AFL-CIO: Statement of AFL-CIO President John Sweeney on SEC Attack on Investor Rights

FOR IMMEDIATE RELEASE
NOVEMBER 28, 2007
12:55
PM

CONTACT: AFL-CIO
Steve Smith (202) 637-5018;
Daniel Pedrotty (202) 637-5379 or (202) 631-9854

 
Statement of AFL-CIO President John Sweeney on SEC Attack on Investor Rights
 

WASHINGTON, DC - November 28 - Investors should be able to count on the Securities and Exchange Commission (SEC) as their advocate. Sadly, that was not the case today. In a partisan 3-1 vote, the SEC attacked the right of investors to nominate corporate directors by implementing a rule that allows companies to bar shareholder access to ballots for board elections. This is the first time the SEC has voted recently to take away investor rights to present shareholder proposals on corporate governance issues.

This rule comes at a time when the need for strong, independent corporate directors and a vigilant SEC is more critical than ever. Our capital markets are facing a crisis of investor confidence amid evidence of profound corporate governance failures. Once again the failures are associated with runaway executive pay. The SEC should be responding by moving aggressively to protect investors, rather than taking away our rights.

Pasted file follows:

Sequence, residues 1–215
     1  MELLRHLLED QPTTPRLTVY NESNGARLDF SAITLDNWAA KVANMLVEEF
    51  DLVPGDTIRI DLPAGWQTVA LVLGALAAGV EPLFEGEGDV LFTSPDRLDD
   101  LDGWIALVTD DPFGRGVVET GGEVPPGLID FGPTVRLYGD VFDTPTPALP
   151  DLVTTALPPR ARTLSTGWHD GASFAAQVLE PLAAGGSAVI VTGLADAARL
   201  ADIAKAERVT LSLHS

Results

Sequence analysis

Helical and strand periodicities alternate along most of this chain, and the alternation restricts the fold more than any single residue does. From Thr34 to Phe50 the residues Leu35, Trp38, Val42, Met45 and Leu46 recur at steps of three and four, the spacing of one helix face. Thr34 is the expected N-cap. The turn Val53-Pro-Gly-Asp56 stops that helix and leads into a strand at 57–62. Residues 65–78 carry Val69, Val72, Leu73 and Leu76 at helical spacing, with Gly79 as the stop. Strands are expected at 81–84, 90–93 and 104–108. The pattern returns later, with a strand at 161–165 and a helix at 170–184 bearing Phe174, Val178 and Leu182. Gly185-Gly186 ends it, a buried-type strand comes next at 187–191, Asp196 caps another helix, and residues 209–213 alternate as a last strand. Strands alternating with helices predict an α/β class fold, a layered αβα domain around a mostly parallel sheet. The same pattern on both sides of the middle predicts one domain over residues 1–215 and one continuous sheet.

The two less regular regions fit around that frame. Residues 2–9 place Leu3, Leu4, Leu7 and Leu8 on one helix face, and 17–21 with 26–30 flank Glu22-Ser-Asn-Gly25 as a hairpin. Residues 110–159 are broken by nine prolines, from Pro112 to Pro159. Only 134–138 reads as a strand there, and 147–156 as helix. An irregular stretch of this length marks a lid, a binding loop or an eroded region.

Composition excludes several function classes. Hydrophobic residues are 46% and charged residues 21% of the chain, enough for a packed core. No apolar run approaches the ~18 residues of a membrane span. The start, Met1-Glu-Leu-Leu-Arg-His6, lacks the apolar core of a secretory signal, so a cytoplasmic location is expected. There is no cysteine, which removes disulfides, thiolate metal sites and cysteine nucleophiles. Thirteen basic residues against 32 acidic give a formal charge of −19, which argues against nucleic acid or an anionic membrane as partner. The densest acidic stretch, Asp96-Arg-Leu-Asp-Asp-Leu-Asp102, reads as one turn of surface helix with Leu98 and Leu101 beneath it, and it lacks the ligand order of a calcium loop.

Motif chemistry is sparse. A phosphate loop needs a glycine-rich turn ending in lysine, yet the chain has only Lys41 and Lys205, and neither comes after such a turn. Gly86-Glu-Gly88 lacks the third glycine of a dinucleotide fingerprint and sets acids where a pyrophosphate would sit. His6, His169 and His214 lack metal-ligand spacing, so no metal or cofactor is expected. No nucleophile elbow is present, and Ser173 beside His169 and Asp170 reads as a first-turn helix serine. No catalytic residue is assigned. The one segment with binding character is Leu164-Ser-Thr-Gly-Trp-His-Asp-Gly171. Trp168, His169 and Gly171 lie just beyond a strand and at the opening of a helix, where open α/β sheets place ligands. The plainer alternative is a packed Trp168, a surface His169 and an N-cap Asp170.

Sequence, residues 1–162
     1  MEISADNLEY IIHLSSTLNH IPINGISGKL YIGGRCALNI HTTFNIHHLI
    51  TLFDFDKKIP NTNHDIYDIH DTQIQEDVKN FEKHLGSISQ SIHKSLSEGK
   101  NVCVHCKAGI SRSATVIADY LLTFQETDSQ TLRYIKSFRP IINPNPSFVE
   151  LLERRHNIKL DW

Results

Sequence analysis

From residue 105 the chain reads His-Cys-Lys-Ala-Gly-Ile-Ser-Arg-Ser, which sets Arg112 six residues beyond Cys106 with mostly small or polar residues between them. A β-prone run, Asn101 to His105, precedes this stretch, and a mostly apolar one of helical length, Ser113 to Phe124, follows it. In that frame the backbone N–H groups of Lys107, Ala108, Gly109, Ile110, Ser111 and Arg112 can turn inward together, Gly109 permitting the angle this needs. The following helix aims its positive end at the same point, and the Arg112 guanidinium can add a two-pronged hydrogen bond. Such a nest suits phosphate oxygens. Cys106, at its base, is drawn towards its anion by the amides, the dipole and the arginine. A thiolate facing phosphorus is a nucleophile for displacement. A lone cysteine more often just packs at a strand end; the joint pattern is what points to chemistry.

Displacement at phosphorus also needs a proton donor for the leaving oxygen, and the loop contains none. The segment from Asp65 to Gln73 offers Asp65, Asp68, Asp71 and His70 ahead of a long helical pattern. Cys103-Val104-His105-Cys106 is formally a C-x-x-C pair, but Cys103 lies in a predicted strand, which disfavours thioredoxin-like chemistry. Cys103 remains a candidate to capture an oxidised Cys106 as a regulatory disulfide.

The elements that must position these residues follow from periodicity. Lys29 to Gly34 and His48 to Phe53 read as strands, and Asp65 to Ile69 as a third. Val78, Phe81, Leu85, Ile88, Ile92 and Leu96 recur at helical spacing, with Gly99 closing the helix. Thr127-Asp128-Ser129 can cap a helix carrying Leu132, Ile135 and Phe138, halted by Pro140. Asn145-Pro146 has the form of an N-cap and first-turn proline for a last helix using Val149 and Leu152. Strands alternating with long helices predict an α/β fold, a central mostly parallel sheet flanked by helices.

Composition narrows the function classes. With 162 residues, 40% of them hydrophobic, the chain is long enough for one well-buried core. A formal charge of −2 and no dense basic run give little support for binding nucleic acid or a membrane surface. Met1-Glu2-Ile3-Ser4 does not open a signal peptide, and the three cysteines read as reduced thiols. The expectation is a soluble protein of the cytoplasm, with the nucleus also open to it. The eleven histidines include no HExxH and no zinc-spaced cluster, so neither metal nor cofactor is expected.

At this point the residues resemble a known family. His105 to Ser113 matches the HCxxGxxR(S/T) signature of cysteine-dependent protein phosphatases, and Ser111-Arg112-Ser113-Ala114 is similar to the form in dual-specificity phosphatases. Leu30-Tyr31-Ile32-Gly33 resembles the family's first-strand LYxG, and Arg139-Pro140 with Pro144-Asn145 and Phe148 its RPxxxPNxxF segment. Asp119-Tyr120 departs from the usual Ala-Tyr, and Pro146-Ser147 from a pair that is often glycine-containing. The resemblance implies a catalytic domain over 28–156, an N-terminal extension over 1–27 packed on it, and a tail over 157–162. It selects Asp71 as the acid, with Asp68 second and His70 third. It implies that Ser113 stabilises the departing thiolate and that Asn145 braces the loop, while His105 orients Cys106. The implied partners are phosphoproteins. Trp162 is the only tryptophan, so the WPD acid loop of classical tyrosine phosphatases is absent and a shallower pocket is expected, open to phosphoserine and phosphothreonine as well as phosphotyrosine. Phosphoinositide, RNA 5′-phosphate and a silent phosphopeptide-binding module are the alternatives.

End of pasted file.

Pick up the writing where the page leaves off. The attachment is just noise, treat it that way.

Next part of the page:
In adopting this rule, the SEC ignored investors, who overwhelmingly opposed today’s action. There were a record number of comments from the public opposing the rule. Key lawmakers asked the SEC not to adopt this rule, particularly without a full Commission. Those concerns fell on deaf ears.

The SEC also did not give the public the legally required opportunity to understand and comment on their reasons for adopting the rule.

Chairman Cox caved to political pressure to take away a fundamental investor right. Investors have every reason to fear after today that they face a Commission that will ignore their views and act against their interests.

The AFL-CIO is the umbrella organization for America’s unions, representing 10 million workers nationwide. Union-sponsored pension plans hold more than $450 billion in assets.

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